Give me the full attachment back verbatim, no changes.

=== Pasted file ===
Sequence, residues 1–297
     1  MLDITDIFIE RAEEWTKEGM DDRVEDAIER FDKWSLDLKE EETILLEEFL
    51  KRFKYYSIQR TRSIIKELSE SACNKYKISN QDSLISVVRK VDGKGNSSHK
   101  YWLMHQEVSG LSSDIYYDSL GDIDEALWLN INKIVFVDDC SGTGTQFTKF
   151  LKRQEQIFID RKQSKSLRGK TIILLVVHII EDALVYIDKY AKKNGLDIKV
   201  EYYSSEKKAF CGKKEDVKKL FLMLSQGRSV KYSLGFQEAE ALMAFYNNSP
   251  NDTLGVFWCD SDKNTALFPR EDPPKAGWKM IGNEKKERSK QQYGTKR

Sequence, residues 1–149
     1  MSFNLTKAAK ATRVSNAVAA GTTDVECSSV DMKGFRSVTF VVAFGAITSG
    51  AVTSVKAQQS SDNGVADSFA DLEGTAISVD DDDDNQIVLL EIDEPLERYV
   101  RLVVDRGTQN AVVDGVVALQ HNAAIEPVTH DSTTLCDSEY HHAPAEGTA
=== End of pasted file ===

Sequence, residues 1–297
     1  MLDITDIFIE RAEEWTKEGM DDRVEDAIER FDKWSLDLKE EETILLEEFL
    51  KRFKYYSIQR TRSIIKELSE SACNKYKISN QDSLISVVRK VDGKGNSSHK
   101  YWLMHQEVSG LSSDIYYDSL GDIDEALWLN INKIVFVDDC SGTGTQFTKF
   151  LKRQEQIFID RKQSKSLRGK TIILLVVHII EDALVYIDKY AKKNGLDIKV
   201  EYYSSEKKAF CGKKEDVKKL FLMLSQGRSV KYSLGFQEAE ALMAFYNNSP
   251  NDTLGVFWCD SDKNTALFPR EDPPKAGWKM IGNEKKERSK QQYGTKR

Sequence, residues 1–149
     1  MSFNLTKAAK ATRVSNAVAA GTTDVECSSV DMKGFRSVTF VVAFGAITSG
    51  AVTSVKAQQS SDNGVADSFA DLEGTAISVD DDDDNQIVLL EIDEPLERYV
   101  RLVVDRGTQN AVVDGVVALQ HNAAIEPVTH DSTTLCDSEY HHAPAEGTA